Aprile Benner, Ph.D. is an Associate Professor of Human Development and Family Sciences in the College of Natural Sciences at The University of Texas at Austin. Her substantive research interests center on the development of low-income and race/ethnic minority youth, investigating how social contexts influence experiences of marginalization and discrimination, school transitions, and developmental outcomes during adolescence.
As a developmental psychologist, the core of her research program is a fundamental developmental question—what are the continuities and changes in the social, emotional, and cognitive growth and maturation of young people? Reflecting her training in educational demography, she works to answer this question with an awareness of how such developmental patterns are embedded in the groups, contexts, and social structures of society.
Specifically, her research falls into two primary streams: race/ethnicity and social class as developmental contexts and the influence of multiple and shifting ecological contexts in young people’s lives. Her studies have examined adolescents’ perceptions of discrimination, their experiences of numeric marginalization tied to both race/ethnicity and socioeconomic status, experiences of school transitions across the early life course, and how schools, families, and peers independently and conjointly influence young people’s well-being. Her current research focuses on discrimination tied to race/ethnicity, social class, sexual minority status, and weight and linkages to disparities in mental and physical health and academic achievement.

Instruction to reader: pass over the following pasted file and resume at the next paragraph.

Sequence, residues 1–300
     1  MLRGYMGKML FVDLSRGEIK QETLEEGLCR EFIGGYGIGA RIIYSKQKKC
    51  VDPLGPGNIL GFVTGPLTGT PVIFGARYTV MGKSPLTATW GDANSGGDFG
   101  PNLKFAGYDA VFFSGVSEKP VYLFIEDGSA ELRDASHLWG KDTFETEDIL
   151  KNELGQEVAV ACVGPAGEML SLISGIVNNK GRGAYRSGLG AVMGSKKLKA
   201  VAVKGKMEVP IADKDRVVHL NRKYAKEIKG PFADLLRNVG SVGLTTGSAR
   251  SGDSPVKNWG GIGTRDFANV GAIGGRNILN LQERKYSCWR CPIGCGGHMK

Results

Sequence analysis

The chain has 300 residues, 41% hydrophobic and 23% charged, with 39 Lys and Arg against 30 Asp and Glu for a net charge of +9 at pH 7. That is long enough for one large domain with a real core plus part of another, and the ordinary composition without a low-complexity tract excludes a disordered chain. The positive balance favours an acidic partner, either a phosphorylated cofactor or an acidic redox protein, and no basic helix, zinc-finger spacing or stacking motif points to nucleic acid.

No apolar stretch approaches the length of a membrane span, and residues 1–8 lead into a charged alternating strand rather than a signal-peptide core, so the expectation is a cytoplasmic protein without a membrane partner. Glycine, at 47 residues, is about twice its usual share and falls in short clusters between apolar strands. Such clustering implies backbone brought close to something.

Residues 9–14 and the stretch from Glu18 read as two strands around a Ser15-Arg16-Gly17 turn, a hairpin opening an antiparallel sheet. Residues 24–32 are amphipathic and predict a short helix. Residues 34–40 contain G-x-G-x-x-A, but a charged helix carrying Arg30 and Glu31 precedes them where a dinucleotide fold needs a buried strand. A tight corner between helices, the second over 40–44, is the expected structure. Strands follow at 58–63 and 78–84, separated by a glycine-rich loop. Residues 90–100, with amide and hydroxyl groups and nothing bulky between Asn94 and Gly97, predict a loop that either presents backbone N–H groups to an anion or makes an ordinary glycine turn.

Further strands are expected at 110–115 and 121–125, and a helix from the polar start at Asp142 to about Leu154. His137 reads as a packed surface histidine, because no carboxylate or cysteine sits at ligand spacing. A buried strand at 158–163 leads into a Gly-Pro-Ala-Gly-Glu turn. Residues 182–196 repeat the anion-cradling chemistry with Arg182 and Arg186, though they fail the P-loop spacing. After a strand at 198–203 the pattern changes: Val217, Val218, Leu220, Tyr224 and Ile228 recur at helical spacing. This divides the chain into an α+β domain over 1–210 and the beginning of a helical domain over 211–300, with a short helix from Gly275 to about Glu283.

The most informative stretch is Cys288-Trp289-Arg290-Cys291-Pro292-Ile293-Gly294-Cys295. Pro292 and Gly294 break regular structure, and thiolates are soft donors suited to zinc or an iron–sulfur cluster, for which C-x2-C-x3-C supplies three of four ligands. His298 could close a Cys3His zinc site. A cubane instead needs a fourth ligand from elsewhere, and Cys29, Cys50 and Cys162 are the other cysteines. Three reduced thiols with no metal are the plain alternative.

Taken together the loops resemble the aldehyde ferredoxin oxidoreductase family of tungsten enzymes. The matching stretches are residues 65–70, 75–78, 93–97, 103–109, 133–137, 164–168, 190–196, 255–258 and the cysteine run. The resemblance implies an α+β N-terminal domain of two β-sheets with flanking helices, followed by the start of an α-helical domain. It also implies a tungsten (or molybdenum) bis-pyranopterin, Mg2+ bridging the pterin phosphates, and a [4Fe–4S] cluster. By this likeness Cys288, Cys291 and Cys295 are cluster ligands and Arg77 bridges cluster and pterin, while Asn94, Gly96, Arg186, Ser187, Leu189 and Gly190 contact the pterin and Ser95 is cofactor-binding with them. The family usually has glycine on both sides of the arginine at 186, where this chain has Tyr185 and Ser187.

Benner received her Ph.D. from the University of California, Los Angeles, M.S. from Purdue University, and B.S. from Vanderbilt University.
- Principal Investigator, Biopsychosocial Pathways Linking Discrimination and Adolescent Health. National Institute of Child Health and Human Development (2017-2022).
- Principal Investigator, Discrimination and Achievement Disparities in Adolescence. National Science Foundation (2016 - 2019).
- Principal Investigator, Adolescents and the Social Contexts of American Schools. William T. Grant Scholars Program (2013 - 2018).
- Co-Investigator, IBSS: Identifying the Optimal Levels and Timing of Family and School Influences. National Science Foundation (2015 - 2020, PI: Elizabeth Gershoff).
- Benner, A. D., Wang, Y., Shen, Y., Boyle, A. E., Polk, R., & Cheng, Y.-P. (2018). Racial/ethnic discrimination and well-being during adolescence: A meta-analytic review. American Psychologist, 73(7), 855-883. http://dx.doi.org/10.1037/amp0000204
- What is the Impact of Racial and Ethnic Discrimination on Adolescents’ Well-Being? (PRC Research Brief, September 2018)
- The consequences of racial/ethnic discrimination for adolescent adjustment (Child Development Perspectives, 11, 251-256)
- Demographic variation and the role of supportive relationships (Journal of Youth and Adolescence, 46, 2129-2142)
- Racial/ethnic discrimination and adolescents’ well-being: The role of cross-ethnic friendships and friends’ experiences of discrimination (Child Development, 88, 493-504)
- Parental involvement and adolescents’ educational success: The roles of prior achievement and socioeconomic status (Journal of Youth and Adolescence, 45, 1053-1064)
- Adolescent substance use: The role of demographic marginalization and socioemotional distress (Developmental Psychology, 51, 1086-1097)
- Schools, peers, and prejudice in adolescence (Journal of Research on Adolescence, 25, 173-188)
- School attendance trajectories from middle to high school: Influences of school transitions and changing school contexts (Developmental Psychology, 50, 1288-1301)
- The antecedents and consequences of discrimination during adolescence: Does the source of discrimination matter? (Developmental Psychology, 49, 1602-1613)
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